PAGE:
Graffitis at Dura Europos

Remains of the synagogue at Dura Europos

Remains of the synagogue at Dura Europos

Who was Mr. Hiya that he dared to scrawl his name at least three times on the doorposts and walls of the synagogue in Dura Europos? A blasphemer? Or just a little schmuck like men who wrote ‘Kilroy was here!’ whose fools’ names and fools’ faces always appear in public places…?

Kilroy Was Here!

Kilroy first showed up on graffiti left by a mysterious American soldier during the landing in Normandy in 1944 — or so it was said: no one really knows how the meme began. But thousands of ‘Kilroy was here’ drawings were scratched and sketched everywhere in Europe during the last years of World War II, especially in newly captured areas or landings, often in the most risky places, and so the phrase became connected with the presence of US troops. The big Kilroy graffiti fad ended in the 1950s, but today people all over the world still scribble that bald-headed character and ‘Kilroy was here’ in schools, trains, and other similar public areas.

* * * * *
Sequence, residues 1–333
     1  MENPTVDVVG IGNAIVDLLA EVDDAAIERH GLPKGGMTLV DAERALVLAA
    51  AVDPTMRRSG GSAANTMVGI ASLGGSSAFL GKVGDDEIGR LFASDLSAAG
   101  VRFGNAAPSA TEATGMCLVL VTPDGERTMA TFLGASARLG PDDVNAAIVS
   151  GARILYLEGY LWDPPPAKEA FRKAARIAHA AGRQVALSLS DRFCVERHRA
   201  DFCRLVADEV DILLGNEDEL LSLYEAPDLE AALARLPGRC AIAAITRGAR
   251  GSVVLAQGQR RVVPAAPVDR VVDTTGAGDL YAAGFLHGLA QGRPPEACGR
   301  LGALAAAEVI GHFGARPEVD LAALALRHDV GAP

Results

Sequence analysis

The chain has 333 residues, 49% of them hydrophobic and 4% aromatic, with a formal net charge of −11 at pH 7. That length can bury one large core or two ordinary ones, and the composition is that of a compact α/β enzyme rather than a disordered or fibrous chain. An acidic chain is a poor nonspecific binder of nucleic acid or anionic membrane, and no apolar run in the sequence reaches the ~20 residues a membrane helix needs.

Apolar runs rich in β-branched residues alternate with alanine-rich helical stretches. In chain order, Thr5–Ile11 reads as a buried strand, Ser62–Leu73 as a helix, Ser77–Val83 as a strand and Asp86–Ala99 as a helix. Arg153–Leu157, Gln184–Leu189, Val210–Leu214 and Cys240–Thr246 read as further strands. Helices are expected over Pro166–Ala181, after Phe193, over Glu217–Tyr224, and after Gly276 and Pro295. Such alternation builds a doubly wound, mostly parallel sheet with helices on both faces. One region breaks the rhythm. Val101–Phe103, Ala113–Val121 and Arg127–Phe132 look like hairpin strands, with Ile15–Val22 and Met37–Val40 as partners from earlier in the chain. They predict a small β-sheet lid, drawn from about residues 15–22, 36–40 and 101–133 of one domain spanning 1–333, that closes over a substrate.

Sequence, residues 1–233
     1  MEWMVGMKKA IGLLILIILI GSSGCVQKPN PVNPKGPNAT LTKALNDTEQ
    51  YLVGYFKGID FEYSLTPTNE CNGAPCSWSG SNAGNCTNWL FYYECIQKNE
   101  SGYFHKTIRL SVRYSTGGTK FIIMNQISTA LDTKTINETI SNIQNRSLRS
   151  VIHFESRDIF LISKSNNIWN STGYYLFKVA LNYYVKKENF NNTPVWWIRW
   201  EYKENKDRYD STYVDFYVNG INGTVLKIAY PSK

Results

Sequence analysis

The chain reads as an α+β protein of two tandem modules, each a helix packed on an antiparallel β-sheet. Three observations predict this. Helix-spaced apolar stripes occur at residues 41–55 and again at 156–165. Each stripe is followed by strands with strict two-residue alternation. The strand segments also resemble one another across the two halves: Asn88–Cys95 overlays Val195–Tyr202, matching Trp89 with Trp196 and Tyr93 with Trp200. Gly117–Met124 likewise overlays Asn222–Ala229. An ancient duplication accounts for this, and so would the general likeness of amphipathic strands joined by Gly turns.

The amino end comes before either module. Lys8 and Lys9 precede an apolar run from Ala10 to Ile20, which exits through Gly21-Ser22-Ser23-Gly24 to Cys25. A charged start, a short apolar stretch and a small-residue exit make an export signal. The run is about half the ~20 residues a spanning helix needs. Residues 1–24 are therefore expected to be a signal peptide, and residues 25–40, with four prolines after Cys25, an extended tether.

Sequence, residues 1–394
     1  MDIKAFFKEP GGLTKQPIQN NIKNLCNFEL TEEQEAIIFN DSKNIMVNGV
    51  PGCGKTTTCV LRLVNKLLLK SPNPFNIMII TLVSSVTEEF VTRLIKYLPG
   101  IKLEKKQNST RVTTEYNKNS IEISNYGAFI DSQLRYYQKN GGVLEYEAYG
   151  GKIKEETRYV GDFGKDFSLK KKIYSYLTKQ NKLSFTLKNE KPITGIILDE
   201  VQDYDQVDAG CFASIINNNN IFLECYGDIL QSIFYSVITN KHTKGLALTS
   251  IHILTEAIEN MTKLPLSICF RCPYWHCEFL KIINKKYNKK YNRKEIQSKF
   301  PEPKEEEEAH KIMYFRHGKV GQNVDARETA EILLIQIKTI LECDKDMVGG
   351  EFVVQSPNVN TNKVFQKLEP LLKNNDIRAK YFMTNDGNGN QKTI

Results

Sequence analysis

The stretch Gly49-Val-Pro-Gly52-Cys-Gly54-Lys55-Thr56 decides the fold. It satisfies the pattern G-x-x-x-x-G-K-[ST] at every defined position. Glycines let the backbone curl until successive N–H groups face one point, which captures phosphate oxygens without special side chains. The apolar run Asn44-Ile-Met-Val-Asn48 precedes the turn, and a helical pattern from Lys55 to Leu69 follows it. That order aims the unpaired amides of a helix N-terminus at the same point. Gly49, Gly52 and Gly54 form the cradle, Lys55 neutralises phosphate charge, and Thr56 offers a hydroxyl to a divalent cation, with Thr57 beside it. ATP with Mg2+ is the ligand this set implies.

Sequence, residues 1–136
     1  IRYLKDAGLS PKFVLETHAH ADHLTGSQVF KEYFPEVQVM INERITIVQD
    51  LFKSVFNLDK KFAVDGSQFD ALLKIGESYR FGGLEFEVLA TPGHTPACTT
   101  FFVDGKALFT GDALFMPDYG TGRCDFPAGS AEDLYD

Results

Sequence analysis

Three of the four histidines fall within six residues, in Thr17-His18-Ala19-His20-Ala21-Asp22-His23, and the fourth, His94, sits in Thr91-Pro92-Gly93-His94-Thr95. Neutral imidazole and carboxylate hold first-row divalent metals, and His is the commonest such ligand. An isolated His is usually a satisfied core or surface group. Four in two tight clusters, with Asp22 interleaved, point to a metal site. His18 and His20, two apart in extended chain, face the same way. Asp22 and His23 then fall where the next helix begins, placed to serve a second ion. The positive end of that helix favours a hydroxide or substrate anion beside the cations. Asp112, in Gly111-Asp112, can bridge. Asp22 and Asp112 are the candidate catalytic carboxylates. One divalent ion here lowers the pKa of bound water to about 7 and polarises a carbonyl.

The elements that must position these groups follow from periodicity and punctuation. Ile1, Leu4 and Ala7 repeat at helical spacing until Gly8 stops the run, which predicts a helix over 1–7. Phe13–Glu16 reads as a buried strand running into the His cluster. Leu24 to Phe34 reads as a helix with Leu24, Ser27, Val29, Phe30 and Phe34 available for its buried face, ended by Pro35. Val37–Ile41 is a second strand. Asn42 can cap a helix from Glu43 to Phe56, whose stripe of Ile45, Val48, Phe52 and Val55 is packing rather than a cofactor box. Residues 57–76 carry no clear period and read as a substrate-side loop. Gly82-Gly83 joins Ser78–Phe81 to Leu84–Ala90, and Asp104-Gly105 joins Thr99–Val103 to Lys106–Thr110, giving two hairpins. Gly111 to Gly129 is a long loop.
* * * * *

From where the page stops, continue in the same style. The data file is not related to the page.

In short, Kilroy is a pain. Graffiti often is.



Graffiti is defined as any writing or drawings scribbled, scratched, or sprayed on a wall or other surface in a place where it didn’t originally belong.* It’s never part of the intended decoration. Graffiti ranges from simple written words, especially names, to elaborate wall paintings, and it has existed for millennia — with countless examples dating back to ancient Egypt, Greece, and all over the Roman empire.

Continued at “I AM HIYA!”


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